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Friday Out-Takes: Summer Blockbuster Edition

John Cockrell offers up his perspective on the latest NFL developments that catch his eye. His views are his own, not those of the Patriots.

Summer Blockbuster Edition

Peter Biskind's fascinating book "Easy Riders, Raging Bulls" is not the first Hollywood source - just the best one - to place the birth of the summer blockbuster at the doorstep of some guy named SPIELBERG, circa 1975, in the form of a film called Jaws. But ever since that inaugural edition of "Shark Week" and the introduction of its cold-blooded, two-note villain, our summer months have been swallowed whole by action. The good kind (Star Wars, Back to the Future, Raiders of the Lost Ark) and the not-so (The Matrix: Reloaded, Godzilla: With Matthew Broderick? Really?, Spiderman 3: Black Space-Gunk Turns WES WELKER's Facebook Doppelgänger into the funny one from That 70s Show).

Lulling us into a slack-jawed, popcorn-scarfing consumer-daze with ludicrous sequences - the false notes of the Governator's True Lies and the subtly hilarious, underrated over-the-top-ness of Independence Day - Hollywood has managed to keep our June-through-Augusts more or less entertaining for over 30 years now. But, while we cannot claim Total Recall, it's become pretty clear that 2010 falls into the "less" category. Sure, there's been the occasional Event movie, but it's not a good sign when grown-up fare like The Kids are All Right gets bumped down to one screening per day, just to shore up enough theatre seats for - and we're quoting here - "Step Up 3D: 2D Version!" Thank God, then, that football season is upon us, even if it is just the pre-kind.

So, without further ado, Out-Takes is proud to present the summer's most compelling storylines, NFL and otherwise. The Omens and Signs; heavyweights with a lack of high-end Speed; the fall from grace of a former Top Gun - we'll even throw in a bit about the men in Stripes, just for good measure. (Apologies for shamelessly jamming in all these Old School summer movie references - old habits Die Hard, ya know?)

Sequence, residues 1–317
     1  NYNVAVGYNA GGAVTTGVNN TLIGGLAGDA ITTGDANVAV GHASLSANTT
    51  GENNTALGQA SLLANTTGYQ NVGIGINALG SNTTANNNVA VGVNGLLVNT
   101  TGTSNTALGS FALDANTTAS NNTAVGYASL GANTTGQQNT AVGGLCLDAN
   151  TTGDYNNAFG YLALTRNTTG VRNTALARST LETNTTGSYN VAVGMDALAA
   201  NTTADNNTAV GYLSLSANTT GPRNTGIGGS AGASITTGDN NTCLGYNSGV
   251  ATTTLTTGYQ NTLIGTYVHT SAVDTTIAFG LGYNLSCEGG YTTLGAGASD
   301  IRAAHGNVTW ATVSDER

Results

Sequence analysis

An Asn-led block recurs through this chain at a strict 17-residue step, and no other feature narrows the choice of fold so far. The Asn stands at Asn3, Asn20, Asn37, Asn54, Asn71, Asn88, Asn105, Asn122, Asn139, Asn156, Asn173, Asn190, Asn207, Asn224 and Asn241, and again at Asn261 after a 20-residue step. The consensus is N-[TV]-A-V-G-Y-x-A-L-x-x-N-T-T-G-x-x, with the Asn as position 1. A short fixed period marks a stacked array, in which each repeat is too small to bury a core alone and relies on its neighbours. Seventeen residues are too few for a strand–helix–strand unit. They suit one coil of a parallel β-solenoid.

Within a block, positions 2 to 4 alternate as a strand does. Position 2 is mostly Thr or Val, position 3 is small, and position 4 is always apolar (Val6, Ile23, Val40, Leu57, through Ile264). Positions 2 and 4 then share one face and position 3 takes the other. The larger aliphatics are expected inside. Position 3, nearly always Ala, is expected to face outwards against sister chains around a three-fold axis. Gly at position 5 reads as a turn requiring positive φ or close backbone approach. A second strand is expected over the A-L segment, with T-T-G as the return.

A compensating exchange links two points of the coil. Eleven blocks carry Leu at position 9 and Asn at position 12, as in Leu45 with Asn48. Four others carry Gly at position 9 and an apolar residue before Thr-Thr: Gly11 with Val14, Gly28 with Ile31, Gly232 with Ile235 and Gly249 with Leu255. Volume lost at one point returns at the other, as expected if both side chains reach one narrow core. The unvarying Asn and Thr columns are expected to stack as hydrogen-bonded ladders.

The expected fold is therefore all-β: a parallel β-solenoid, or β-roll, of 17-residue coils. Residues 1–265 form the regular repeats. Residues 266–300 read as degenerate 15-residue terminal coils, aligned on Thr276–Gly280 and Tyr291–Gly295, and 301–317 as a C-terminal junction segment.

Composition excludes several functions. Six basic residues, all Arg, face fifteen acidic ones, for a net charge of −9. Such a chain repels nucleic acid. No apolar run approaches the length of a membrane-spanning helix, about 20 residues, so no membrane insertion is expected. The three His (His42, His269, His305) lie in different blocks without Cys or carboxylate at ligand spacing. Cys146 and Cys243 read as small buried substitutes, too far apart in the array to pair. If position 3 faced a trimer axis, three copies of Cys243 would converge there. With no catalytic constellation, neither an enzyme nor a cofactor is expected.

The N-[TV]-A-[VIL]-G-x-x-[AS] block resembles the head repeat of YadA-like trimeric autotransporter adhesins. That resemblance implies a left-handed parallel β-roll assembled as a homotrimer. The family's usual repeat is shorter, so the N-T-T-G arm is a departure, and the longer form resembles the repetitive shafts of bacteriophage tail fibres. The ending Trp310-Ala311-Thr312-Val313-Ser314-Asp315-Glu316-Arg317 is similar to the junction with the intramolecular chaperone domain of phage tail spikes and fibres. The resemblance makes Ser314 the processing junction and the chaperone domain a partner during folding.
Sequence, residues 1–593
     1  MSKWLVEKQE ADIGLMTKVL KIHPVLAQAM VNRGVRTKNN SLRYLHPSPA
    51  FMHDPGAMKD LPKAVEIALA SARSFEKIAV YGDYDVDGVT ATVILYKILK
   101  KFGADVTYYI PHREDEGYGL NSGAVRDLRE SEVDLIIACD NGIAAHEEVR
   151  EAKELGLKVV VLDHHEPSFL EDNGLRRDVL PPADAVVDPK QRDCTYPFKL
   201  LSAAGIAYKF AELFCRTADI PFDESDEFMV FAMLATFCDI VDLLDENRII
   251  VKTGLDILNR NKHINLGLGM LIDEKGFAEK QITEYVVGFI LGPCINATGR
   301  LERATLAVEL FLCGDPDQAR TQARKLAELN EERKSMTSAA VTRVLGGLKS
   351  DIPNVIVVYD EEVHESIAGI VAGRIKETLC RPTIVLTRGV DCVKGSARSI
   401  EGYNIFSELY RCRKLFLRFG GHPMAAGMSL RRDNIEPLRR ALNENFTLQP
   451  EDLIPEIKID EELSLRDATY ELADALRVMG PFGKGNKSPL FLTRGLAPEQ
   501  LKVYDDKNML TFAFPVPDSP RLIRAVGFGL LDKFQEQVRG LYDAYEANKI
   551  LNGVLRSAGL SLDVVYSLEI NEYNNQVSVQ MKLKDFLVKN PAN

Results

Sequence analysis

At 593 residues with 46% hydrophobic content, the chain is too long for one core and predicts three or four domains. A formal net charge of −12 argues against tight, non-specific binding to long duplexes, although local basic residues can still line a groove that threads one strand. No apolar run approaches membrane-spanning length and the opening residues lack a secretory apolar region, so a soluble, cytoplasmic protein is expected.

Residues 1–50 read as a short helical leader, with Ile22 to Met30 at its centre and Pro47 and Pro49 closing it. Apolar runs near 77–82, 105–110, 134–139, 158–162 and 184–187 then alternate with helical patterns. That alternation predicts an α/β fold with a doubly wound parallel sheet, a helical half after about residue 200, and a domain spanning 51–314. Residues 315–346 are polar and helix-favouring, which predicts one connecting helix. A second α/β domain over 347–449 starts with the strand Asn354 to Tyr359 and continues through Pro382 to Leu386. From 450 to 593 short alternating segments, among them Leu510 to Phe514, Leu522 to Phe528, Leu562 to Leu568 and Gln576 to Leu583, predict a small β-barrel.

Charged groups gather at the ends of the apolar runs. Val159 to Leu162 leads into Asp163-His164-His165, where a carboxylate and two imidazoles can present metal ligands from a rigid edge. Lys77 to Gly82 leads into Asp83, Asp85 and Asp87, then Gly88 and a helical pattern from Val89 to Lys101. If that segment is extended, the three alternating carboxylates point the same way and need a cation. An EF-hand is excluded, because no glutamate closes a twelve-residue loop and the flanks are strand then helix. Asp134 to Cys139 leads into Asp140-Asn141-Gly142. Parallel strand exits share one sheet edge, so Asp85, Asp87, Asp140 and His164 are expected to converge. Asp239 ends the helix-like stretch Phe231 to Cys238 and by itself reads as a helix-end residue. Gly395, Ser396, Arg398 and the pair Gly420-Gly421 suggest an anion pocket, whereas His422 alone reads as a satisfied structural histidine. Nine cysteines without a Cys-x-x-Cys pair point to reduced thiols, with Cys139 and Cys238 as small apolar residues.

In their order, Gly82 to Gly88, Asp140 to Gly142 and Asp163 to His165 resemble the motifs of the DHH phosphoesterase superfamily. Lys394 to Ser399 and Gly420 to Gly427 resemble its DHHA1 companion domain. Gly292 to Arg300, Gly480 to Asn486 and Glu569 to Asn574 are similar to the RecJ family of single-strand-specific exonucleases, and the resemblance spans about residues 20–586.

The Andruzzi family in 2011.


This summer's biggest hit with audiences, if not the logic police, brought to mind the annual round of will-he-or-won't-he, BRETT FAVRE-related nonsense - partly because the word "inception" is just a few letters shy of what has become #4's trademark twist ending (those forced, last-gasp INTs that send teammates Packer, Jet or Viking, home sooner than expected) and partly due to our naïve hope that his criminally negligent, narcissistic behavior can be explained away by some sort of sci-fi dreamscape-aganza. Sure, it makes no sense that the Viking QB's tiresome, on-again, off-again act was the result of a ragtag team of REM-cycle puppet masters planting bad ideas into his fourth-level of consciousness or whatever, but, hey, it didn't make sense when Mr. *Memento/Batman Begins *did it, either, and that boy's wicked smaht.

So, until further notice, we're going with the twice baked theory that Favre isn't a self-absorbed sociopath who put his fan-base through yet another mockery of an As the World Turns off-season. Rather, he is a victim of the self-indulgent machinations of LEONARDO DI CAPRIO (BRADY's Facebook Doppelgänger?), that Dunkin' Munchkins-sized chick from Juno and the all-growed's up version of that Third Rock from the Sun kid.

We're joking, of course. Favre's just a douchebag. Next up...


It's not just ANGELINA JOLIE's burgeoning "Bourne Identity for Girls meets Gorky Park"-style franchise. Nope, in addition to being the summer's best, surprisingly fun, neo-Cold War guilty pleasure - a guilty pleasure the entire Out-Takes clan heartily endorses - Salt is also what former head of officials MIKE PEREIRA appears insistent on rubbing into the wound of every Seahawks fan his truly putrid blog on can get its self-serving little hands on.

Pereira's disingenuous remarks - file 'em under "C" for "cover your ass-inine" - came in response to an apology from Super Bowl XL referee BILL LEAVY to the Seahawks organization and the city of Seattle. A clearly regretful, contrite Leavy confessed that he "kicked two calls in the fourth quarter" and "impacted the game... I'll go to my grave wishing that I'd been better."

Now, it didn't take James Cameron-divined Avatar glasses to see that several egregious, game-changing calls went against the Seahawks that day, saving BEN ROETHLISBERGER and his historically awful 22.6 QB rating from further review. But it does take gumption, moxie and great, big brass ones for Pereira to even TYPE the words, "Did Leavy's calls determine the winner of Super Bowl XL? Absolutely not!", let alone publish them on what we understand some have called a "truly putrid blog." Hey, Pereira, meet us in the next paragraph...